One of the most critical and sensitive functions of investment advisors is how and what to communicate to clients. Clients indeed want information—on portfolio performance, potential investments, fees, market activity—but may value the quality of advisor contact as much as the length or quantity. Despite all the attention focused on the industry use of social media, clients may benefit more from an advisor who is knowledgeable and trustworthy than one who has mastered tweeting or prospecting on Facebook.
The most recent Rydex|SGI AdvisorBenchmarking survey revealed the importance of the personal approaches to providing investment advice. Advisors reported they were spending more time directly with clients, whether face to face or over the phone. Phone call use, for example, has nearly doubled from 51% to 96% in the past two years, while in-person meetings have increased from 59% to 93%. Less-personal methods showed erosion—newsletter use, for instance, dropped to 50% in 2011, from 74% in 2010 and 62% in 2009.
This trend toward greater interaction picked up after the 2009 market crisis and subsequent recession, as advisors learned clients wanted more “high-touch” communication when markets were in turmoil. Advisors spending the most time with their clients are often in a better position to demonstrate their investment knowledge and convey their value, which may help strengthen relationships, increase referrals and boost assets.
To clients, the nature and style of communication may matter as much as the management of money. A 2006 study by SSgA and The Wharton School on “Bridging the Trust Divide” found that clients are more comfortable and more prone to continue a relationship with an advisor who can integrate the financial and personal dimension into a practice—who can understand and address a client’s financial situation and attitude toward money, and do so with insight and discretion.
That is not to say that advisors and their clients ignore “high-tech” communication. About 47% of AdvisorBenchmarking respondents said they either use or plan to use social media in coming months. The main reason they give for not using social media is not its impersonal nature but their uncertainty over navigating compliance issues (47%) and inability to measure effectiveness (27%). It doesn’t help that regulatory guidance has significantly lagged use of the tools, leaving rules on advertising under the Investment Advisers Act of 1940 to govern behavior (such as keeping adequate records, avoiding testimonials and preventing fraudulent, deceptive or manipulative acts). Advisors may also find it difficult to quantify how much and in what ways social media helps the client-acquisition process. What they do know is that it takes time. Lacking staff to manage and maintain a social media presence registered the largest increase among reasons RIAs do not use social media.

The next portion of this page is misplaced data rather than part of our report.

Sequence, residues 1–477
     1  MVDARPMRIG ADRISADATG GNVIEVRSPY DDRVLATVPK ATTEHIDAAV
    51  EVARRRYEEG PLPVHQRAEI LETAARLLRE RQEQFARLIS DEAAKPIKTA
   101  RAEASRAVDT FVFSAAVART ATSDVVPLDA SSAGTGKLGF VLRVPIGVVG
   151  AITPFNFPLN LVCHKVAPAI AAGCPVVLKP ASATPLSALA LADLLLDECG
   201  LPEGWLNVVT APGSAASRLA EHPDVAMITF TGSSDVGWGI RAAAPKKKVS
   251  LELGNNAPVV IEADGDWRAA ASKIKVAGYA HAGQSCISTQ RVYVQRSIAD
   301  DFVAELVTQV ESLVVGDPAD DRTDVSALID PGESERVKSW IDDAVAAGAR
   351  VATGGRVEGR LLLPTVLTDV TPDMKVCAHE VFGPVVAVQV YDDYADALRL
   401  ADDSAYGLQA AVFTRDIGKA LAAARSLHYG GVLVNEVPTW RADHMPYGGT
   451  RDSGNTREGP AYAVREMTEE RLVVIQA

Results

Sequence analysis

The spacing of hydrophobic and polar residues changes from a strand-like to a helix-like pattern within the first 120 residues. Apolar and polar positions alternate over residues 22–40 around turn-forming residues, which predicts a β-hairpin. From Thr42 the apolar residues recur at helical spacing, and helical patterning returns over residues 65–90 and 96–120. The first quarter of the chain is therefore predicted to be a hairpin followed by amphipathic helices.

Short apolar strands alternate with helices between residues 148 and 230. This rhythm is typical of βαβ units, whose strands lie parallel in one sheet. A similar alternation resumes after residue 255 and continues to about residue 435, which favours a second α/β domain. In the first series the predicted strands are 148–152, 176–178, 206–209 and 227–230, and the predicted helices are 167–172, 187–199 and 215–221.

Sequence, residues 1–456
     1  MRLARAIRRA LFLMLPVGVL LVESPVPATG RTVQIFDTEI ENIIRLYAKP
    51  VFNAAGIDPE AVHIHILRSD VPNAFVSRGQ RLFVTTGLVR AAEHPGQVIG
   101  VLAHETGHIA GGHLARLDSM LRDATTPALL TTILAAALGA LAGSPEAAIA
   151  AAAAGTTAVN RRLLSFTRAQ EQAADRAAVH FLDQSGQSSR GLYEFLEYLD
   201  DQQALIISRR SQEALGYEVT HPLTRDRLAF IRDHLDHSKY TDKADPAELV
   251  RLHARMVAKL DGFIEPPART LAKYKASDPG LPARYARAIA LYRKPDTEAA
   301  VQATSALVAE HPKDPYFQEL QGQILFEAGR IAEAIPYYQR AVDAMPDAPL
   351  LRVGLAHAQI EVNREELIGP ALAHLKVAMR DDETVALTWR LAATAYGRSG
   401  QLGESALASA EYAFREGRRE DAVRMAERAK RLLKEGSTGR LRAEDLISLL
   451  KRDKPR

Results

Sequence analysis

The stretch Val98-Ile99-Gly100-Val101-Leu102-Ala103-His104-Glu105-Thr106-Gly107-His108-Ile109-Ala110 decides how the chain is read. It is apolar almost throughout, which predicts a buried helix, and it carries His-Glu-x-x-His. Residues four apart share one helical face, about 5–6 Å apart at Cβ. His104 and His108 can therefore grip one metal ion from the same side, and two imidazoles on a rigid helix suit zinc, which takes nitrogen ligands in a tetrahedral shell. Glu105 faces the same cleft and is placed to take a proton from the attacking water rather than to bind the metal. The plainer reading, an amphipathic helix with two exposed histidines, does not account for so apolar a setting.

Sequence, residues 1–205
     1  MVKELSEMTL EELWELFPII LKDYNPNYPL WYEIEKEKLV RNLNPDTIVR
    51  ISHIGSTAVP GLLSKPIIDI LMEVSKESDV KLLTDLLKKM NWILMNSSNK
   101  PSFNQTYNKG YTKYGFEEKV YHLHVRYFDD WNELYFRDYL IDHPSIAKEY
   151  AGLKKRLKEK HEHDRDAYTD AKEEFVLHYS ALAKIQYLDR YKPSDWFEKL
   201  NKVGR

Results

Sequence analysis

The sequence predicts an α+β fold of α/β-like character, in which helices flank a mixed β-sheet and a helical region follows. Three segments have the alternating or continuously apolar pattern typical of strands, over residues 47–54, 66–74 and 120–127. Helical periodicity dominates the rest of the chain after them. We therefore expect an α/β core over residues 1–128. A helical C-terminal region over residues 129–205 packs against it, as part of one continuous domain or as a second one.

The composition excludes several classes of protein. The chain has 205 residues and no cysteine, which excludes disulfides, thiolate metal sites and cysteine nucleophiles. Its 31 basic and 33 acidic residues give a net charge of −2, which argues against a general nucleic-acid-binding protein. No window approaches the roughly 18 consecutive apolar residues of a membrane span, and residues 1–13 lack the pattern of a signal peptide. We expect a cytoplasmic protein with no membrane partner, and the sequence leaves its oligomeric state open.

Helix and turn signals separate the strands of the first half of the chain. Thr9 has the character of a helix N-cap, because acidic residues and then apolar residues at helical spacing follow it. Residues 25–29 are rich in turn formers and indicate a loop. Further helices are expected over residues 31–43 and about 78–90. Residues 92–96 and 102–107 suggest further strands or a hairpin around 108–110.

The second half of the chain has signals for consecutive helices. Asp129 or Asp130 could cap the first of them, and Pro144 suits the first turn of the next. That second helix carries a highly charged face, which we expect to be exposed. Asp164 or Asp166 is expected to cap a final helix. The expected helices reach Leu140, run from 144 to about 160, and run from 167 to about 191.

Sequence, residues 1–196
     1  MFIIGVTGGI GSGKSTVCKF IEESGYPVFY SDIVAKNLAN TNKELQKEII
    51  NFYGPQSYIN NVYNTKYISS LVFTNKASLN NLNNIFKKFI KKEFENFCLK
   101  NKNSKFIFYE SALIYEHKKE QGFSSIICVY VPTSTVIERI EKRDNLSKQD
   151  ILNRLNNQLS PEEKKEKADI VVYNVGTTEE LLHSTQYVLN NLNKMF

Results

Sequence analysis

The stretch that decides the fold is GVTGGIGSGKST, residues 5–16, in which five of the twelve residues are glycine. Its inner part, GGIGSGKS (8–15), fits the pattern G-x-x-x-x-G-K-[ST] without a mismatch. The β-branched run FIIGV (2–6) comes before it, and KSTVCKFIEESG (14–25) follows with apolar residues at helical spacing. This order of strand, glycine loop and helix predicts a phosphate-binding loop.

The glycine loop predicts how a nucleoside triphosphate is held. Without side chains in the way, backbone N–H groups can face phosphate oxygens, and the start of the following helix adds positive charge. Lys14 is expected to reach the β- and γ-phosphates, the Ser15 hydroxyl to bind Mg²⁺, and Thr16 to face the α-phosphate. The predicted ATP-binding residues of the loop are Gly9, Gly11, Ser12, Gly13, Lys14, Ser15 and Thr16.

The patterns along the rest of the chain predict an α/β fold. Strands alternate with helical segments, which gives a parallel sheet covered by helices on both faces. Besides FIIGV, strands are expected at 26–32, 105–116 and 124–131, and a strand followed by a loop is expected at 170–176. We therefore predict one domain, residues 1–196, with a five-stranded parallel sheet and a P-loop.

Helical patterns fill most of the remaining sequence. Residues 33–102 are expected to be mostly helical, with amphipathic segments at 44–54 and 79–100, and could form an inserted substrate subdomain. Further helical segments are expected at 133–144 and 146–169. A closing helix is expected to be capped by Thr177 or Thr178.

- Quality over quantity or frequency. Recognize that many clients may not want more communication, or more frequent communication or even face-to-face communication. They lead busy lives, too, and value succinct discussions that get to the core of the relationship—that you are there to provide financial advice. Whatever method you use to communicate with clients, make sure it conveys professionalism, market knowledge and empathy.
- Perspectives on social media. Explore you own attitudes about social media, and discuss these with clients. Do you assume that because you are not engaged in using Twitter or Facebook that your clients are not? Do they tell you they prefer emails or telephone calls or newsletters, or is it what you’re comfortable with? Try to find out how your clients like to receive communications, and gain competency in many forms to satisfy the full range of their preferences.
- What are you talking about? It’s simple to provide an account balance, list of holdings or breakdown of performance. The harder conversation may be to ask why a particular investment is in a portfolio and whether it should be. Always be transparent about the costs of your services, and encourage even long-time clients to ask questions about fees. Some surveys have shown that trust between the client and advisor is eroded most easily by lack of clarity on fees.
- Communicating with consistency. Make sure your support staff is well-trained and attuned to clients’ needs. Only about 15% to 20% of a client’s contact is with their advisor. The rest falls to the assistant or a staff member. The entire team needs training in dealing with client concerns and should be able and empowered to solve problems while dealing with the client.
Advisors need to continually ask themselves whether, when the conversation is over, they communicated effectively with clients. It doesn’t have to be elegant, time-consuming or technological. But it should be intelligent, personal and sincere, demonstrating that the client matters to the advisor, and that the strength of the interaction is just as important as investment success.